Things that are still criminal after the legalization of cannabis in Canada
As of October 17th, 2019, Bill C-45 (Also known as the Cannabis Act) came into effect, legalizing the recreation sale and use of cannabis products in Canada. Indeed, Canada is now the largest legal marketplace for cannabis in the world! That being said, there are still plenty of things surrounding cannabis use in Canada that are still illegal.
Continuing from our previous article, we explore several things related to cannabis that are still illegal in Canada:
Distribution of Cannabis to minors.
Careful who you pass that joint to! It is still illegal to provide cannabis products to those under the provincial/territorial age of majority (18 in Alberta and Quebec, 19 in all other provinces and territories. Note that this says ‘provide’ and not ‘sell’. If you’re of the minimum age of majority and share cannabis products with a younger friends, you could face criminal charges punishable by up to 14 years in prison! Minors found carrying less than 5 grams of dried cannabis will not be criminally charged, but will be subject to seizure of the cannabis, notification of their parents/guardians, and could face penalties similar to underage possession of alcohol or tobacco.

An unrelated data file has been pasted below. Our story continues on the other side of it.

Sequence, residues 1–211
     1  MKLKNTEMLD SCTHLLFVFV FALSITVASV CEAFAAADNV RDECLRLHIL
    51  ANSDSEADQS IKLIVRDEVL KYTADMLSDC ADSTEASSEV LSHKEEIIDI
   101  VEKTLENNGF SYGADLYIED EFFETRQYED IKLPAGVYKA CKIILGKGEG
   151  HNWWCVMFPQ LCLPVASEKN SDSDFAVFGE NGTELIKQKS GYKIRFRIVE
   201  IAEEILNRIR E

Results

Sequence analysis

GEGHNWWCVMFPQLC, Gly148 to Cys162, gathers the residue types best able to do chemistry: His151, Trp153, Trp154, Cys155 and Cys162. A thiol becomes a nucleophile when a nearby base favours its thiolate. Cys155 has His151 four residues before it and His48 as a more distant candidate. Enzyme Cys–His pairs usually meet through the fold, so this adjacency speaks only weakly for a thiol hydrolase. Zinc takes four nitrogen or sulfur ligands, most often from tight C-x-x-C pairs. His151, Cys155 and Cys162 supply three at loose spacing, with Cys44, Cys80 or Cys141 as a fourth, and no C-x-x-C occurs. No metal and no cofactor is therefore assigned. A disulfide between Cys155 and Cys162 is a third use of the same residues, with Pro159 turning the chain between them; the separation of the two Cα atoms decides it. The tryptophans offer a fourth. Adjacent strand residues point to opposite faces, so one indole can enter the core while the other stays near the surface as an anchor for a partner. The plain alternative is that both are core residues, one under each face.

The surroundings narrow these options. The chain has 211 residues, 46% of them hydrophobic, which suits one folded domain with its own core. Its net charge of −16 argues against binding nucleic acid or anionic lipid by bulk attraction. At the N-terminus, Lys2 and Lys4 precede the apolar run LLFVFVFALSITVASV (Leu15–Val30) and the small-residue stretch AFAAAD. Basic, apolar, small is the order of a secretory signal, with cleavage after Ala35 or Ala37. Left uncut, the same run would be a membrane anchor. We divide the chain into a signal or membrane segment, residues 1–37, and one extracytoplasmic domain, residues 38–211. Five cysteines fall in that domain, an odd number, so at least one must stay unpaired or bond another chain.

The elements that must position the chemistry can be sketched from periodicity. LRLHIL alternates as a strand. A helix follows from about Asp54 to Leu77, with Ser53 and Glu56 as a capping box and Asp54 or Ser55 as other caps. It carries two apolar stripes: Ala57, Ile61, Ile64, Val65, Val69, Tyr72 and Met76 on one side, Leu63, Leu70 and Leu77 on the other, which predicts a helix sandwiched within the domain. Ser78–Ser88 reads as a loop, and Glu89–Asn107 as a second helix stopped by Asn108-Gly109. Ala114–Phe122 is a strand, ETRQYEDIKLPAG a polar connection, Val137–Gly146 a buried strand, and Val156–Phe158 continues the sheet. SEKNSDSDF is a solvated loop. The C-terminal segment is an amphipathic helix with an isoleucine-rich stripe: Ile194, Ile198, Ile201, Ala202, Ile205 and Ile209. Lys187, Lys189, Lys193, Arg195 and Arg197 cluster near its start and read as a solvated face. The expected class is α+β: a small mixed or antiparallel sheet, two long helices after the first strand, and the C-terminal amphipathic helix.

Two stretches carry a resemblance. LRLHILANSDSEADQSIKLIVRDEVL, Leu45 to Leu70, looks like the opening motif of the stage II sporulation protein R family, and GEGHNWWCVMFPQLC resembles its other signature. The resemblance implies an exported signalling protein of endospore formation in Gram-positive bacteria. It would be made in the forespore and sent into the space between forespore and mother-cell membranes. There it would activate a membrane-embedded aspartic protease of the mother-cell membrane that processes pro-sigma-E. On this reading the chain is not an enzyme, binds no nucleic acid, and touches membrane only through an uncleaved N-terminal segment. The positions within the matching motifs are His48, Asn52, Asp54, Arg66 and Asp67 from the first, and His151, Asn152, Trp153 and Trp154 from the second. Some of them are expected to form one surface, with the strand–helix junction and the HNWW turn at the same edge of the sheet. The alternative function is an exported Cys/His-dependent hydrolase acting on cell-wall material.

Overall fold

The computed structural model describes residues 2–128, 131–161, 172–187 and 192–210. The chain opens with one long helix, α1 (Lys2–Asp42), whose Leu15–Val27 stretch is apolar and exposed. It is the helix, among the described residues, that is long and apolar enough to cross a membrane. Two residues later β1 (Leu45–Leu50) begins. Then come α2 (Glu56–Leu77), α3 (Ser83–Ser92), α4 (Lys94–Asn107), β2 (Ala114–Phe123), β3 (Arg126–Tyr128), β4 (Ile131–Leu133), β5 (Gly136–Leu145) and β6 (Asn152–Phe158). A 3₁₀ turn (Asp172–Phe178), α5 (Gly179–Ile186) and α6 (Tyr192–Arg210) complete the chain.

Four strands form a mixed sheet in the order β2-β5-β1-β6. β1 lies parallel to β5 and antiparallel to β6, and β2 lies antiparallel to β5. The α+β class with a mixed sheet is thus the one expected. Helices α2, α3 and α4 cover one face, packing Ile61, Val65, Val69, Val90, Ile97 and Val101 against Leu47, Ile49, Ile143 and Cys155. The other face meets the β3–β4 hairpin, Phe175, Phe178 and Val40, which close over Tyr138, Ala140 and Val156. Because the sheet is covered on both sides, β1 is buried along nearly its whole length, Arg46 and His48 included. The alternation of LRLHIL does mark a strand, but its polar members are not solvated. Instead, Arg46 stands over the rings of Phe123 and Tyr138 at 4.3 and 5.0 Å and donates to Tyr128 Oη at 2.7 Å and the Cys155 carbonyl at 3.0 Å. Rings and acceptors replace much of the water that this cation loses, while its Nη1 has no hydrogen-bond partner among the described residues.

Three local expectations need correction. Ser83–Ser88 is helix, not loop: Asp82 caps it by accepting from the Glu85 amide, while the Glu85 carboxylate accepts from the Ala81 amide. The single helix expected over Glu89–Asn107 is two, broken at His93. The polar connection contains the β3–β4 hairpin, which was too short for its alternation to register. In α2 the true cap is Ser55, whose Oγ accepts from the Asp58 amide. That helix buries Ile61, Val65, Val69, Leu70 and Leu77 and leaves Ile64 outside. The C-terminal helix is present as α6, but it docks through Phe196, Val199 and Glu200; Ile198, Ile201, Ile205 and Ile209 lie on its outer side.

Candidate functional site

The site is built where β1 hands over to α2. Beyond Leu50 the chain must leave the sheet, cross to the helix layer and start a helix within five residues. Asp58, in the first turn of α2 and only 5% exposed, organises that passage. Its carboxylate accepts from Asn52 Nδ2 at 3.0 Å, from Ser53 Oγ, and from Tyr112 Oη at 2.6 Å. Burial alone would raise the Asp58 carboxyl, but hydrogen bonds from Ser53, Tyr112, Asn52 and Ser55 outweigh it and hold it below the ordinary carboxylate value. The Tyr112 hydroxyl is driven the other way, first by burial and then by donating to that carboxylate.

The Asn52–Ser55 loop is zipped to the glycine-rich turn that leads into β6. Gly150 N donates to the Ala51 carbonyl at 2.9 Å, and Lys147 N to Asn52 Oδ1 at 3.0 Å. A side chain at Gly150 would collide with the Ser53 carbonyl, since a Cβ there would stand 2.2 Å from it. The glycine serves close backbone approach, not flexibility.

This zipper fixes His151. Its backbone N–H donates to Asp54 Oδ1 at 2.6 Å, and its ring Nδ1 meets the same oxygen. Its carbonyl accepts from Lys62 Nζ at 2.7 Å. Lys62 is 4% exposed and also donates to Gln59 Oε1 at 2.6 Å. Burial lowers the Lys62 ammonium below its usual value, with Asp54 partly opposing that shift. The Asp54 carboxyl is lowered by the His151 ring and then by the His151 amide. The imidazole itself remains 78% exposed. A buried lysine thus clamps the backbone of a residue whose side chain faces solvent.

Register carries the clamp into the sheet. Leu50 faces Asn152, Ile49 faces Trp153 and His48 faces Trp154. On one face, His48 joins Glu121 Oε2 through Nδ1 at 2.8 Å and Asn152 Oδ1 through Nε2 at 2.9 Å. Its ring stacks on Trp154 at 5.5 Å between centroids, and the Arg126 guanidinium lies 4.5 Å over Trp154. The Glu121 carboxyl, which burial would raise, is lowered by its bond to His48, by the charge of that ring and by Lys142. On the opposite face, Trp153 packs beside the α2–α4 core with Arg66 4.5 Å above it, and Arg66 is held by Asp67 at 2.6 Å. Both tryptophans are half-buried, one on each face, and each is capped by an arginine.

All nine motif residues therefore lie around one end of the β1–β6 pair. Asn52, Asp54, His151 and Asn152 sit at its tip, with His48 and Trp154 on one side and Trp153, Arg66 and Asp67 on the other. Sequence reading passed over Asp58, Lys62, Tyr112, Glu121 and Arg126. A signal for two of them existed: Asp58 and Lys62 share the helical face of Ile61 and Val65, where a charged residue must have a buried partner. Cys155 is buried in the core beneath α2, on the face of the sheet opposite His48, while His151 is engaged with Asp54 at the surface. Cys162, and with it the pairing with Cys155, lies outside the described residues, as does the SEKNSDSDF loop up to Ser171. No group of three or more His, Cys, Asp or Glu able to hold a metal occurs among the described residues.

Driving with a blood THC content greater than 2ng/ml
You may have seen signs posted recently that read “drunk or, same rules apply” That’s because, much like restrictions on alcohol consumption while operating a vehicle in an effort to stop drunk driving, there are new laws specifically addressing blood THC content restrictions to curb those that might be driving while high. If you’re caught driving with a blood THC content greater than 2ng/ml, you could be charged with impaired driving – now considered a ‘serious criminal offense’ in Canada with the passing of Bill C-46. Click here to read more about these new laws regarding cannabis use and driving in one of our earlier series of articles.